Testing of Junctional Tourniquets by Medics of the Israeli Defense Force in Control of Simulated Groin Hemorrhage

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    Chen J, Benov A, Nadler R, Landau G, Sorkin A, Aden JK, Kragh JF, Glassberg E 16(1). 36 - 42 (Journal Article)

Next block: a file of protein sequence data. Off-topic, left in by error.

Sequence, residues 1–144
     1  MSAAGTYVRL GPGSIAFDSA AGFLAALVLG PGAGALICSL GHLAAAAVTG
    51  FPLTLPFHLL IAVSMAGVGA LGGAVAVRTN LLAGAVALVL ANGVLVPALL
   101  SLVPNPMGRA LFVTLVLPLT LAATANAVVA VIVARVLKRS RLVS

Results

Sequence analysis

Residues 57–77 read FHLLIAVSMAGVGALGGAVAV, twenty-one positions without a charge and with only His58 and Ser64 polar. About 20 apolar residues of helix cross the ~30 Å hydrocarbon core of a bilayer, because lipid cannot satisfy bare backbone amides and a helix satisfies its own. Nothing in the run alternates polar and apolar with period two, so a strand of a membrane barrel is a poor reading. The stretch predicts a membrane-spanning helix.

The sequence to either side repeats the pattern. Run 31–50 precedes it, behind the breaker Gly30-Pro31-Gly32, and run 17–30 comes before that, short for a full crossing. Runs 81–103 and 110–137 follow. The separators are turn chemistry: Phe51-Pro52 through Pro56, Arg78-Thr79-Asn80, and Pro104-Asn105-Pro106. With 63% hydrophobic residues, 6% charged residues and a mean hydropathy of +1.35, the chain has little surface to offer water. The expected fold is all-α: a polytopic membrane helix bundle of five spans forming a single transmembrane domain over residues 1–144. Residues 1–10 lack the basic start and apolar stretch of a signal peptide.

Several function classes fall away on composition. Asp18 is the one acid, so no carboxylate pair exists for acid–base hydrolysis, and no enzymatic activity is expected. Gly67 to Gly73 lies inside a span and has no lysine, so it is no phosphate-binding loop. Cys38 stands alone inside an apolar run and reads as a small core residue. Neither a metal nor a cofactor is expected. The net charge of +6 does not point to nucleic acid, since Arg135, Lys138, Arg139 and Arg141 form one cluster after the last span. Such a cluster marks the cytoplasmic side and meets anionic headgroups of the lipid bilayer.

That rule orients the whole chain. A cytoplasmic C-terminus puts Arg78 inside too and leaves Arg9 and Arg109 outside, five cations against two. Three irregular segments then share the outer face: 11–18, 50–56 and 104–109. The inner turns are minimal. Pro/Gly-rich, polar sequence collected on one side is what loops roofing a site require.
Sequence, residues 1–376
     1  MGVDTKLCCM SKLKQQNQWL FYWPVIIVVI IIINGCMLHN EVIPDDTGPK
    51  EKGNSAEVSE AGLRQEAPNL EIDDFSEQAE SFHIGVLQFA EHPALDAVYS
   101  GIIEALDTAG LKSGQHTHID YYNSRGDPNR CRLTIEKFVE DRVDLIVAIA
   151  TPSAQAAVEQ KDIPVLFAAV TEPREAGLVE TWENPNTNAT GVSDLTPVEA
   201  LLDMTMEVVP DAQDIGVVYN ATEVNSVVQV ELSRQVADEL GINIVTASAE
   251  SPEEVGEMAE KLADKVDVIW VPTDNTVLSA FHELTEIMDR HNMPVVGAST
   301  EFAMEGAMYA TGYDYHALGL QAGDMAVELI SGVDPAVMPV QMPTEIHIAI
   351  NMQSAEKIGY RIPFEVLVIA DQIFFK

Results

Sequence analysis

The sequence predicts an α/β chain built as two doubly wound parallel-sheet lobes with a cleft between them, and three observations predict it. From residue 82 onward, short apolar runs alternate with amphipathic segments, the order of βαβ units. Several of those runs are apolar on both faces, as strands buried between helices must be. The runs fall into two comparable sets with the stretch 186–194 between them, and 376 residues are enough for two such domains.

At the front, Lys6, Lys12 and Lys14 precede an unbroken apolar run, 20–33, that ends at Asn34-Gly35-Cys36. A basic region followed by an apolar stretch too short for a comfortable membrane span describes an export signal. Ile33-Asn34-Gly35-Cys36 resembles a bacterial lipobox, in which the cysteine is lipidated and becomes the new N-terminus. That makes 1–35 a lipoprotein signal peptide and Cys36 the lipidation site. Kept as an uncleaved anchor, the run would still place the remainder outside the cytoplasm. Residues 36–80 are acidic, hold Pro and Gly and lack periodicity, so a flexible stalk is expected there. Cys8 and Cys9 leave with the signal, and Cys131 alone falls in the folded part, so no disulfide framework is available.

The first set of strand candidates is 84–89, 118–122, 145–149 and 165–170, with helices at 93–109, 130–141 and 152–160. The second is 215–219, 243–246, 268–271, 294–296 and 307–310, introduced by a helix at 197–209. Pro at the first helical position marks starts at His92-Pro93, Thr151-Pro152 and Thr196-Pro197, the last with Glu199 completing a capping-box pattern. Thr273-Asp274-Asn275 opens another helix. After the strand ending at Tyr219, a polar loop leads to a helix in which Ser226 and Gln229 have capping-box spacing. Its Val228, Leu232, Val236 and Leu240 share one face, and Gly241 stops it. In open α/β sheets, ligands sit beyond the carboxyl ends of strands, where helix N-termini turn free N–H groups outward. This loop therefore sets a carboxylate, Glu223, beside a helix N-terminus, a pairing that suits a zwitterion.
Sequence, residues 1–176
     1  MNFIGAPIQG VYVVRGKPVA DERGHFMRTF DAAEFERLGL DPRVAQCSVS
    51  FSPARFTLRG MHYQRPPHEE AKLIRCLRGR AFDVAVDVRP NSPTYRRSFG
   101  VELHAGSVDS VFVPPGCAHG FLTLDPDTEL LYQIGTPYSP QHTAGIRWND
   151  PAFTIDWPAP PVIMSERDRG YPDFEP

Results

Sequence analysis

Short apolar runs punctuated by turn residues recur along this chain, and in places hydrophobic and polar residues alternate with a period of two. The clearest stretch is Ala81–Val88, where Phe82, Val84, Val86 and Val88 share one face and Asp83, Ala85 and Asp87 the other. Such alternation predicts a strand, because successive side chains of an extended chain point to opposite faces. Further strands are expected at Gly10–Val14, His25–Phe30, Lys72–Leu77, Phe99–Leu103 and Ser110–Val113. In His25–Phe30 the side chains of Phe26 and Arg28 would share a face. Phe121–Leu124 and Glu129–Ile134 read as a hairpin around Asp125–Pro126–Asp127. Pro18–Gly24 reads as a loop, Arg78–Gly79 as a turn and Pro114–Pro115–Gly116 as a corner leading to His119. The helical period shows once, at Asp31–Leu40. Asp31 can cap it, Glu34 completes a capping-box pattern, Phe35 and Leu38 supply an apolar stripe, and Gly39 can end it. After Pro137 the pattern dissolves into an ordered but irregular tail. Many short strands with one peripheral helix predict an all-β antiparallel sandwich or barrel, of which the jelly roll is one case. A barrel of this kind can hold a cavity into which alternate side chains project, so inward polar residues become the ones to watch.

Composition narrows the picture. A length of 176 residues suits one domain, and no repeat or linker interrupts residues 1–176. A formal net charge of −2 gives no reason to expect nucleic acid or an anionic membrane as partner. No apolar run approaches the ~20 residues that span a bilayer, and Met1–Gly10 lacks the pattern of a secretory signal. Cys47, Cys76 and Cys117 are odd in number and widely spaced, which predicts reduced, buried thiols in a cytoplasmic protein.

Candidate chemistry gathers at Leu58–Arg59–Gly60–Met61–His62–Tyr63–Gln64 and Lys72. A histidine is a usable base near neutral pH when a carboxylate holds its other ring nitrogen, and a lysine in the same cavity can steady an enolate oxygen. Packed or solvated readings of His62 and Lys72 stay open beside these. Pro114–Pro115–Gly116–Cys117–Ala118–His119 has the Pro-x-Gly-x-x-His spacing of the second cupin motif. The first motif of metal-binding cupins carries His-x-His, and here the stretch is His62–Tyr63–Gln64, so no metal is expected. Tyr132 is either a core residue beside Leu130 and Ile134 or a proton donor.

Background: Junctional hemorrhage is a common cause of battlefield death but little is known about testing of junctional tourniquet models by medics. The purpose of the testing described herein is to assess military experience in junctional tourniquet use in simulated prehospital care. Methods: Fourteen medics were to use the following four junctional tourniquets: Combat Ready Clamp (CRoC), Abdominal Aortic Junctional Tourniquet (AAJT), Junctional Emergency Treatment Tool (JETT), and SAM Junctional Tourniquet (SJT). The five assessment categories were safety, effectiveness, time to effectiveness, and two categories of user preference: (1) by all models assessed, and (2) by only the model most preferred. Users ranked preference by answering, "If you had to go to war today and you could only choose one, which tourniquet would you choose to bring?" Results: All tourniquet uses were safe. By the time the first five testers were done, all three AAJT models had been broken. CRoC and AAJT had the highest percentage effectiveness as their difference was not statistically significant. SJT and JETT had fastest mean times to effectiveness as their difference was not significant. For preference, using each user's ranking of all models assessed, SJT and AAJT were most preferred as their difference was not significant. For each user's most preferred model, SJT, AAJT, and JETT were most preferred as their difference was not significant. Conclusion: In the five assessment categories, multiple tourniquet models performed similarly well; SJT and AAJT performed best in four categories, JETT was best in three, and CRoC was best in two. Differences between the top-ranked models in each category were not statistically significant.

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